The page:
Interdisciplinary project-based teaching
The interdisciplinary project-based teaching in makingAchange offers the opportunity for the participating students to deal with their own questions individually and action-oriented, within an umbrella topic that is supported by the teachers and the management. The format is designed to raise awareness of sustainability and climate change, as well as to reflect on and possibly change one’s own actions. The theoretical framework of this mAc format is based on the recognition that an integrative understanding of the challenges of the 21st century (e.g., global climate change as a challenge and socio-ecological transformation towards sustainable development goals as a response) cannot be achieved by looking at the perspective of only a single subject (WBGU 1996, Woodfork & de Mulder 2011). This requires an interdisciplinary learning process in which social, ecological, and economic aspects are considered equally and in their multi-layered interactions (Woodfork & de Mulder 2011). A longer-term integration of interdisciplinary project-based teaching in the “regular” school day can lead to a profound transformation of the school community (Rinschede 2007, Reinhold and Bünder 2001).
For this to happen, it is important that both the teachers and the management support the project and work together on the necessary framework conditions in the school and, if necessary, also in the community.
Procedure and details
Ideal procedure of the mAc format interdisciplinary project-based teaching:
- Teachers’ kick-off workshop:
- Time: approx. October/November
- Impulse: What does interdisciplinary project-based teaching mean in mAc?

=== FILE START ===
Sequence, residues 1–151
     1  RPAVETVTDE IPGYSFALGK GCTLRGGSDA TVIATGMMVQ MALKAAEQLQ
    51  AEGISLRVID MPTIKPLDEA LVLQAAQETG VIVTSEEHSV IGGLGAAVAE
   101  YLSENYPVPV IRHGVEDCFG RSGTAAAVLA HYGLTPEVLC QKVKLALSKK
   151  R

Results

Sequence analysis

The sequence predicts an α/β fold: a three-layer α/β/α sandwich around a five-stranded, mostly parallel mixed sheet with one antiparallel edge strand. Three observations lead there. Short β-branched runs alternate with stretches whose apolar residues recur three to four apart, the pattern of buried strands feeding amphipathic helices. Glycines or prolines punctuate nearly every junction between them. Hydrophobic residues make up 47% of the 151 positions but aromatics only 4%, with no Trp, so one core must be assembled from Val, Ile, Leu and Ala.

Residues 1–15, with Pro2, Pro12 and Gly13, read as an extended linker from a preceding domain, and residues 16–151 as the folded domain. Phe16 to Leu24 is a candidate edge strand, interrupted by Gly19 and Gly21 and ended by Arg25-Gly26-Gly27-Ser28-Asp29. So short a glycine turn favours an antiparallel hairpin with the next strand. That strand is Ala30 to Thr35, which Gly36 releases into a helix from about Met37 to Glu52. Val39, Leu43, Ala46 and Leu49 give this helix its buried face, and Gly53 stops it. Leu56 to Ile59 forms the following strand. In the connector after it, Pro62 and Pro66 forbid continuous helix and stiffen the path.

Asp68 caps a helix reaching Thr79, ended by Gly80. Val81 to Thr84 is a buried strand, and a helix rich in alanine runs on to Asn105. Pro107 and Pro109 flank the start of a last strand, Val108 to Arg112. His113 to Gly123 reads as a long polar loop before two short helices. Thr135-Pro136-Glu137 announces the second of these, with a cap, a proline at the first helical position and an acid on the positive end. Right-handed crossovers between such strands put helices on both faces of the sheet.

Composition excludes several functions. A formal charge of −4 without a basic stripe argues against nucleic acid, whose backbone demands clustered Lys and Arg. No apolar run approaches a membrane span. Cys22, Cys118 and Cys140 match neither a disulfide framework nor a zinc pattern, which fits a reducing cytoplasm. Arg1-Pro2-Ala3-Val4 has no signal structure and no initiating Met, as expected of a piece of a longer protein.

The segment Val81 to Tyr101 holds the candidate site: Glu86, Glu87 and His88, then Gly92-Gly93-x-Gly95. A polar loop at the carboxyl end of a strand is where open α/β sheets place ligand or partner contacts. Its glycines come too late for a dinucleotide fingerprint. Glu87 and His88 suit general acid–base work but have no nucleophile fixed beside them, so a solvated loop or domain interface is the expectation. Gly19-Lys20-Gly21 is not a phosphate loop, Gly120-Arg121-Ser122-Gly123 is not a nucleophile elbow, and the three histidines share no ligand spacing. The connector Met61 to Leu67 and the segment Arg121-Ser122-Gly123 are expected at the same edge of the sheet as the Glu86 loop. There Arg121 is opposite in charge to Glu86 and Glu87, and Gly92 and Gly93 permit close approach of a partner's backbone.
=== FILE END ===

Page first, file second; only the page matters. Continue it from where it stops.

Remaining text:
- Joint collection and discussion of possible framework topics
- Design of implementation concepts at the schools
- Individual elaboration:
- Development of a school-specific concept
- Organization in the own school
- Cooperation with colleagues from various subject areas
- If necessary, cooperation with climate buddies. (Climate buddies are students who are trained at the universities to accompany the different mAc formats or to support the students).
- Teachers’ workshop:
- Presentation and further development of individual concepts
- Organization of support opportunities by the mAc project team.
- Implementation in the school:
- Implementation and documentation
- Possibility for students to work actively on projects
- Final workshop with mAc team:
- Presentation of the implemented projects
- Highlights and challenges
- Outlook: what will happen to the project in the future?
For further information on interdisciplinary project-based teaching, please contact Karin Oberauer from UIBK!
Rinschede, G. (2007): Geographiedidaktik. Schöningh, Paderborn, p. 191.
Reinhold, P. and Bünder, W. (2001): Keyword: interdisciplinary teaching. In: Journal of Educational Science 4, pp. 333-357.
WBGU (German Advisory Council on Global Change) (1996): World in Transition: Challenge for German Science. Annual report 1996, first ed. Springer, Berlin.
Woodfork, L. & de Mulder, E. (2011): The International Year of Planet Earth. (Final Report). Earth Science Matters Foundation, Wageningen.